I was bothered by that. I thought she would be too. But she seemed to shrug off the inanity of a micromanaging agency and completed the paperwork cheerfully. As I got up to walk out, I thanked her for her kindness and encouraged her to never let anyone or anything take that away from her. I told her that I knew her simple smile and gentle spirit would be a tremendous source of comfort to those who sat in my chair. My words seemed to impact her with an affirmation she wasn’t used to hearing.

There was clearly something different about Maria that blew me away. Her teflon-coated optimistic spirit really made me think about my own personal difficulties, and I wondered what I could do to walk with the same light she had in her life.

Maria, and those with kindred spirits like hers, give me purpose in my circumstances.

I may struggle with transition. My circumstances may create chaos in my life. No one ever said being true to myself would be easy. No doubt there will be days where I’m tempted to give in to sit on the curb and watch the accidents surrounding my life injure and terrorize my family, my friends, and me. But I am alive, I’m still breathing, and I need to find that same illiminous spirit that has lurked in the shadows of my heart for too long.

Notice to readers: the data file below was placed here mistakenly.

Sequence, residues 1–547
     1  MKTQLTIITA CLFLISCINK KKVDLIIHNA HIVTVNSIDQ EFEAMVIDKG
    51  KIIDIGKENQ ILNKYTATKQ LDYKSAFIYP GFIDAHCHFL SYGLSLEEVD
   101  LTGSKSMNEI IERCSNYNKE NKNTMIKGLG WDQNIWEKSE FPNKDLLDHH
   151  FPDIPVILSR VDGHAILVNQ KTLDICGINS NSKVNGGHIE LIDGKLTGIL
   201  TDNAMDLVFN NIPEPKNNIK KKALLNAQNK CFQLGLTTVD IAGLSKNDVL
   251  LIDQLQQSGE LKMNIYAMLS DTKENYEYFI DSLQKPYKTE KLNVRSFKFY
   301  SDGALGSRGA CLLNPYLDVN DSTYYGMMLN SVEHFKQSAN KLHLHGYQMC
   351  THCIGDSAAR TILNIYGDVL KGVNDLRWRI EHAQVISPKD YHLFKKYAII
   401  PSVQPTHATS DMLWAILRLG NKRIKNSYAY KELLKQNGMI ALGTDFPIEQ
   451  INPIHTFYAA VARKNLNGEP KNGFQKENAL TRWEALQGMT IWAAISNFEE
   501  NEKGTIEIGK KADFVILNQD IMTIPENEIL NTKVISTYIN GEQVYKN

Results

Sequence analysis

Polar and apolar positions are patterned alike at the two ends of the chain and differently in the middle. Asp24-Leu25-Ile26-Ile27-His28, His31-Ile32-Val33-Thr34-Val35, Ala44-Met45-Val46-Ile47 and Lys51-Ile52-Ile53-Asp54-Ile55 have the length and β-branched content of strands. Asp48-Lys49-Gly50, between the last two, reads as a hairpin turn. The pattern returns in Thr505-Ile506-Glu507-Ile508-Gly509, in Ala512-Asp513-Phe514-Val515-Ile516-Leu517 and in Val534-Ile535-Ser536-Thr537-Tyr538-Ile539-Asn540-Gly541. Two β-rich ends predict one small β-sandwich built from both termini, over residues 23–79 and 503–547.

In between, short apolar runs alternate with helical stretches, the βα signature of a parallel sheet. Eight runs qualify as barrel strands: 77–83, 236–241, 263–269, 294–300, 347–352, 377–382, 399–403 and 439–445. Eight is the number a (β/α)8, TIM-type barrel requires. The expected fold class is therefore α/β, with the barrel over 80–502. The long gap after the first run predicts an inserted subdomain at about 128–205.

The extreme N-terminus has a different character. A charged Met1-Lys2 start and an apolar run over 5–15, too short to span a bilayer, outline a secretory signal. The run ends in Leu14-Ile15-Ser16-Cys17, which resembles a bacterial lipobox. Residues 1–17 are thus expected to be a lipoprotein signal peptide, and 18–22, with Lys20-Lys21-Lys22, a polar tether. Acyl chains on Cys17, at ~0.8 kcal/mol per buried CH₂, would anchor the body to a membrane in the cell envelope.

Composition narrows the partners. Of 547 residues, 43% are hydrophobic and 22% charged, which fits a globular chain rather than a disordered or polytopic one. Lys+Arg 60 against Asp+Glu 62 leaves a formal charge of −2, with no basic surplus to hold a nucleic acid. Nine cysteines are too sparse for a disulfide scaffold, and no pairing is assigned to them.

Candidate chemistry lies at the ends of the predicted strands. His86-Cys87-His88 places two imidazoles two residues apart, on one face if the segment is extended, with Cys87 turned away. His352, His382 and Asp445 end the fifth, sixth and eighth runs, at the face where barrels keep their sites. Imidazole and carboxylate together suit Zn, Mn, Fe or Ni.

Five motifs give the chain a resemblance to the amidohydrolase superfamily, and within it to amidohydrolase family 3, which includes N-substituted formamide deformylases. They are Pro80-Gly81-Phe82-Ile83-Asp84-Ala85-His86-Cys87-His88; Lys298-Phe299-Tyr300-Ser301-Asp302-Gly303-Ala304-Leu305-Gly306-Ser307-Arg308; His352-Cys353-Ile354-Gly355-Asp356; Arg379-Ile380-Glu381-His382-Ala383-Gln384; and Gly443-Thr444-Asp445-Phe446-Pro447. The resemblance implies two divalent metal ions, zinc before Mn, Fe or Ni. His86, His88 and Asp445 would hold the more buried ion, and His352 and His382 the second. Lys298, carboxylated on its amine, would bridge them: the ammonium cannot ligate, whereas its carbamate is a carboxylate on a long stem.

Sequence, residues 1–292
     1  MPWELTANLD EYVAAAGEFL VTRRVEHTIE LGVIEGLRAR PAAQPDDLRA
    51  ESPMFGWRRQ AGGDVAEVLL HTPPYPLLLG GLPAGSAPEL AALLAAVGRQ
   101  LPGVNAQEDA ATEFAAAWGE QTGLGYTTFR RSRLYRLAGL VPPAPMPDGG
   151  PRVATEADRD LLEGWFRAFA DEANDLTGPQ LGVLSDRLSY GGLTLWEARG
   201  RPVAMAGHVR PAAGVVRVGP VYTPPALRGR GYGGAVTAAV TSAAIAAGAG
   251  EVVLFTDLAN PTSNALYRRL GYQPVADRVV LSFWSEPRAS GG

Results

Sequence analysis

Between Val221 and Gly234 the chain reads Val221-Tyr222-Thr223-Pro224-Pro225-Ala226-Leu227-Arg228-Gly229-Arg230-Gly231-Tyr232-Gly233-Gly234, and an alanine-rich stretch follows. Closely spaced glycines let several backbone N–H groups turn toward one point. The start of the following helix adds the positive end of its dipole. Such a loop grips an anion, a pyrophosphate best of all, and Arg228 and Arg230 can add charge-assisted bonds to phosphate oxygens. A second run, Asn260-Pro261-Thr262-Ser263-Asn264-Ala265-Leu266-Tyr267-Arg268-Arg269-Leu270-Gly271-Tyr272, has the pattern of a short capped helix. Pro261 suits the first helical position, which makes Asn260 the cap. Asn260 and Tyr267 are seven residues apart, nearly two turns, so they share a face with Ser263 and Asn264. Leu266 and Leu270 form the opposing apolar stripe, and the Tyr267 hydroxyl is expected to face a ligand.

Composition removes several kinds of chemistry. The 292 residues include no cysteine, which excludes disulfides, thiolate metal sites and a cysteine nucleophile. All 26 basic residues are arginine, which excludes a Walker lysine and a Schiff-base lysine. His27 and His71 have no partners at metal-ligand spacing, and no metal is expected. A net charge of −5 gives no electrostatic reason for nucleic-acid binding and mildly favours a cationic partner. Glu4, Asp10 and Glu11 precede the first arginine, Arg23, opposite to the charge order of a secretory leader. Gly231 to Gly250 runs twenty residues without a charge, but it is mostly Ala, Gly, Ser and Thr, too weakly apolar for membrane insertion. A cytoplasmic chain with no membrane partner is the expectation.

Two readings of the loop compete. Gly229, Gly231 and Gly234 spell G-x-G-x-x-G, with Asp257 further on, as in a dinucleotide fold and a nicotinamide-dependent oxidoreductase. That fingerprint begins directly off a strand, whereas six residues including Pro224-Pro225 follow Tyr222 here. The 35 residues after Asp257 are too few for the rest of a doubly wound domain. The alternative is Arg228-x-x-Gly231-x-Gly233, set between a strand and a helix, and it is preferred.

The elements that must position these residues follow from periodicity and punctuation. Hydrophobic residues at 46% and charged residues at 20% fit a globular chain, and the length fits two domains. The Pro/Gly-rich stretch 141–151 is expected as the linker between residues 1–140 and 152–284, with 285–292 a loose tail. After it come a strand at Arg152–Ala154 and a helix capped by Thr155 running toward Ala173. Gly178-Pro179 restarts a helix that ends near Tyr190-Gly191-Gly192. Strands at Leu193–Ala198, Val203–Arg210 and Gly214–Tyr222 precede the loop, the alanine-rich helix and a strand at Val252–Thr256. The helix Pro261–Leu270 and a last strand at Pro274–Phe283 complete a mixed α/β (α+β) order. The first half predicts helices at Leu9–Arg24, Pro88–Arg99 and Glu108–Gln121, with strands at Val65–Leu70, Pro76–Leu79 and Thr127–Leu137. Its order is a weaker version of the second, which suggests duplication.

It’s time to be like Maria.

It’s time to get off the curb.

It’s time to shine.

Happy posts?

So…does anyone like to read happy posts?  Sometimes I wonder if posts about things going well and the adventures that go with it are not as interesting or read as much as the posts about the struggles of transition.  In my case, transition has been pretty straight forward so far, almost like a non-event.  That makes me wonder if I have much to offer the trans community in my posts.  I’d actually rather talk about the fun we have with our hobbies than to talk about going to the bank as Amber and being treated like any other customer, what’s so interesting about that?  Nobody ever shows up with torches and pitchforks, it’s a non event, even going to Home Depot as Amber and dealing with a cashier that has known the old guy for 15 years was a non-event, no reaction at all, just normal customer service.  Nothing to see here folks, just life happening.  Does anybody really want to hear about stuff like that?

Transition at work, the dilemma